Show Me Arts Academy kids rehearse a dance to Bruno Mars' "Uptown Funk" during the program's launch last year
Willis Ryder Arnold | St. Louis Public Radio

Nine months ago, Marty Casey launched Show Me Arts Academy in response to the shooting death of Michael Brown and the subsequent protests in Ferguson. The program tries to reach kids in poor neighborhoods who may not respond well to sports, school or other activities.

“When we take that time out and we give that special attention, you literally see their whole attitude and their world just change,” said Casey.

The Goldenrod sits along an Illinois river bank.
Mary Delach Leonard|St. Louis Public Radio

Volunteers have worked countless hours salvaging artifacts from the century-old Goldenrod Showboat that was once a fixture on the St. Louis riverfront, says Jake Medford, vice president of the nonprofit Historic Riverboat Preservation Association that’s been working to restore the vessel.

Illustration by Brent Jones | St. Louis Public Radio

Something near and dear to the hearts of St. Louisans celebrated the big 5-0 this year. That would be the Gateway Arch. On Monday’s “St. Louis on the Air,” we talked about the anniversary as well as other anniversaries that were marked in the region this year.

Joining us was Mary Delach Leonard, St. Louis Public Radio’s work/life reporter who spearheaded coverage of the Arch anniversary as well as the other stories that made an impact on her this year.

Some stories of note: 

Archaeologists and crew members from the Illinois State Archaeological Survey work at an East St. Louis dig site.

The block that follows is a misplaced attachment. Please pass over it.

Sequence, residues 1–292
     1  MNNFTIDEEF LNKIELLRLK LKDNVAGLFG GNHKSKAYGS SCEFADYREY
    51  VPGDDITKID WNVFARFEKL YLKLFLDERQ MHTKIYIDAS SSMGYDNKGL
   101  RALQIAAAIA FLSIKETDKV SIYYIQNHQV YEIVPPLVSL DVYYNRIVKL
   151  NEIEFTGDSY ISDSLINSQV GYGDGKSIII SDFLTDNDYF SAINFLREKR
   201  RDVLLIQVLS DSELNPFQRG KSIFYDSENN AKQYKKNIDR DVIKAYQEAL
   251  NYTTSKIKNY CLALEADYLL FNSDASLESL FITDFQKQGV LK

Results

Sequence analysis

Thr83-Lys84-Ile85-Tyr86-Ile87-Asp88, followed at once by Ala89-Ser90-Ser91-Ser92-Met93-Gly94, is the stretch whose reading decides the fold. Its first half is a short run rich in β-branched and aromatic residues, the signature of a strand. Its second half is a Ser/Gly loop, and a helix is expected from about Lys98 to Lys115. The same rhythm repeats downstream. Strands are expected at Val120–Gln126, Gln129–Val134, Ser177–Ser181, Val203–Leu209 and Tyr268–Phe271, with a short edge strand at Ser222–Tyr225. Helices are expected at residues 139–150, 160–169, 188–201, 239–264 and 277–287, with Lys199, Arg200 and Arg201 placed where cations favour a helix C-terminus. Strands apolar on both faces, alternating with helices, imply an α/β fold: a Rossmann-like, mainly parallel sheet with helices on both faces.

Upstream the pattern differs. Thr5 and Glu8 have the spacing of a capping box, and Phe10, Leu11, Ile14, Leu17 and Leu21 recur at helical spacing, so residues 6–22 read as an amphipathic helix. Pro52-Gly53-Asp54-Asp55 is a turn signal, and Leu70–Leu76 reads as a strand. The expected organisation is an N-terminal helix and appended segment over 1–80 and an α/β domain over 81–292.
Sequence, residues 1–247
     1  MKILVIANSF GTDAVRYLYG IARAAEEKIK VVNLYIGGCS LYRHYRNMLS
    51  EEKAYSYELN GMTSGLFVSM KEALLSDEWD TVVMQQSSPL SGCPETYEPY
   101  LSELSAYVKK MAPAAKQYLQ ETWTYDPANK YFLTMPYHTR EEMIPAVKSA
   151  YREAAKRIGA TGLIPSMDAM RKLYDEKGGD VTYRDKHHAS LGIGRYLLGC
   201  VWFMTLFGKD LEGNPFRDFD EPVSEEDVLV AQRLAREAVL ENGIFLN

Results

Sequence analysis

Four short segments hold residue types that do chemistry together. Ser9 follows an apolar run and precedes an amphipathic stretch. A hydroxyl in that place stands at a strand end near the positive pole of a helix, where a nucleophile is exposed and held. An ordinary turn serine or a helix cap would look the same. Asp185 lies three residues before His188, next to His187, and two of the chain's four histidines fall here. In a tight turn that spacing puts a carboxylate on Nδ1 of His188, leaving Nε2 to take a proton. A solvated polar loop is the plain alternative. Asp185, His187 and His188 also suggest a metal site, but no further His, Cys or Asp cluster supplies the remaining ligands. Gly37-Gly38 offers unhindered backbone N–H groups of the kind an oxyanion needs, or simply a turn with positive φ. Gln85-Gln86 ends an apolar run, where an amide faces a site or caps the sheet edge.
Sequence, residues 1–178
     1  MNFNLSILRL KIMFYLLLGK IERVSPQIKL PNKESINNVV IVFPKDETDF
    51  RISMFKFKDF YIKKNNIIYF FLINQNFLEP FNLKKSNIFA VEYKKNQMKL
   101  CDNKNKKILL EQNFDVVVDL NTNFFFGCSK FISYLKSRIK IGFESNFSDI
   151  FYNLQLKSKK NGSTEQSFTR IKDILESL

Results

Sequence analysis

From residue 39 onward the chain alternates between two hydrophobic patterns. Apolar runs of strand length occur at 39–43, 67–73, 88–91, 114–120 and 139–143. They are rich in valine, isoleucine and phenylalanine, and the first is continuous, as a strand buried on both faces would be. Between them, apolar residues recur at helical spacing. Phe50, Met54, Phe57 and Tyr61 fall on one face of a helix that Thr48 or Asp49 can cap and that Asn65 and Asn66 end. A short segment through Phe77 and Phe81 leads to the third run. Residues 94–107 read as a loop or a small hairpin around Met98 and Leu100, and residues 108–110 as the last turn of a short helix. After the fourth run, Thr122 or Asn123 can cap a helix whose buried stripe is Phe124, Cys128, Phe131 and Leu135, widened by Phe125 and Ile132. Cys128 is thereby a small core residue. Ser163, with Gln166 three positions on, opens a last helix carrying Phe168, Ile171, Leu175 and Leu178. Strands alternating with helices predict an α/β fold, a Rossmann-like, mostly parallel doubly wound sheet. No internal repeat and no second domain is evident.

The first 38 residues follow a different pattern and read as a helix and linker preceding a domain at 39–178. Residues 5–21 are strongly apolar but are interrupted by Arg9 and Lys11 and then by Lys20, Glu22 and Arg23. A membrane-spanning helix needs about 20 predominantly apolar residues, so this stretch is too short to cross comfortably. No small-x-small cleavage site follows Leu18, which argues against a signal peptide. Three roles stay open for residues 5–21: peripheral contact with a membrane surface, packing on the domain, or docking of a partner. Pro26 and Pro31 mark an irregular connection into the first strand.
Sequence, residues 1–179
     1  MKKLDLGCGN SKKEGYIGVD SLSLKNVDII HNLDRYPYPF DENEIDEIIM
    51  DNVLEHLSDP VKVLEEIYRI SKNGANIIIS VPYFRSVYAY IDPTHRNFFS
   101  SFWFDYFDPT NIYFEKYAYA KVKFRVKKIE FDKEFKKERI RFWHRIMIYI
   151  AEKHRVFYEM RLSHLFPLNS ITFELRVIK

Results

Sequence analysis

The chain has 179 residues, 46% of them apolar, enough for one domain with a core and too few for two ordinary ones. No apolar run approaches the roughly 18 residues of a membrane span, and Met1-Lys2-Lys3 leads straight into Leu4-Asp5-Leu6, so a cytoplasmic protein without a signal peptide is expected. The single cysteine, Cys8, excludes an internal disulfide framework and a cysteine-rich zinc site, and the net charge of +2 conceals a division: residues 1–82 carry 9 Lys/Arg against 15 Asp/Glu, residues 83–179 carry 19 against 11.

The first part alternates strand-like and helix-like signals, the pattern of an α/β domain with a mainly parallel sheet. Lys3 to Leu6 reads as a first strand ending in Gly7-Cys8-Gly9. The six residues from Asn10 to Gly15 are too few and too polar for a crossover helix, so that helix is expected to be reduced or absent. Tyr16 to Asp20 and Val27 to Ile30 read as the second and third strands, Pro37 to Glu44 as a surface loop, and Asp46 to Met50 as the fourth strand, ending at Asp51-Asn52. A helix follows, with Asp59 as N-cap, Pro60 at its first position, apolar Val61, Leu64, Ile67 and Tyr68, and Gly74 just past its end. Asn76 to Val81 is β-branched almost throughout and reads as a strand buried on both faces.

Véronique LaCapra | St. Louis Public Radio

A year-old fracas in the St. Louis Society has left the city’s archaeology community fractured. 

“What we’ve seen over the past year is a fragmenting of what used to be a really robust group here in town into smaller communities who are allied around the issues that they’re concerned about,” said Douglas Boin, assistant professor at Saint Louis University.

Hits Of The 1960's

Jan 3, 2016
Dennis C. Owsley / Copyright Dennis C. Owsley

Jazz Unlimited for January 3, 2016 will be “Hits of the 1960’s.”  Since around 1955, jazz musicians rarely play the hit pop tunes of their time.  The reason is that many of these tunes do not have interesting melodies or chord progressions sufficiently challenging for these musicians to play them.  Some of them did and those will be the ones used by these musicians, some even into the 2000’s.  This music will be played by Duke Ellington, Grant Green, Debbie Lennon, Oscar Peterson & Milt Jackson, Fred Hersch, Gonzalo Rubalcaba, Roberta Flack, Dexter Gordon, the World Saxophone Q

Photo courtesy Cahokia Mounds State Historic Site

Despite reduced park hours, the head of the Cahokia Mounds Museum Society says the year was brighter than expected at the Illinois state historic site, which is the largest prehistoric Indian site north of Mexico.

cello bridge
Turidoth | Wikipedia

Music therapists in Missouri who are fighting to institute statewide certification for the profession say that will improve access to patients and secure quality patient care.

Anne Keefe came to KMOX in 1976.
St. Louis Media Hsitory Foundation

Anne Keefe, whose smoky voice, inimitable style and consuming dedication to work made her one of the most important figures in television and radio for more than 50 years, has died. She was 90.

COURTESY OF SCRIPPS NATIONAL SPELLING BEE

Immediately after winning the National Spelling Bee Gokul Venkatachalam was thrust into the media spotlight. He appeared on morning talk shows and Jimmy Kimmel Live. He traveled from D.C. to New York, to Los Angeles, and back again before returning to Chesterfield. By Venkatahalam’s estimation he talked to roughly 70 news outlets.

Detail from the cover of Red Cross magazine

The American Red Cross and the World Chess Hall of Fame encourage chess fans to help save lives – and learn more about the impact of chess in World War II -- by donating blood at the Hall of Fame on Monday, Jan. 4.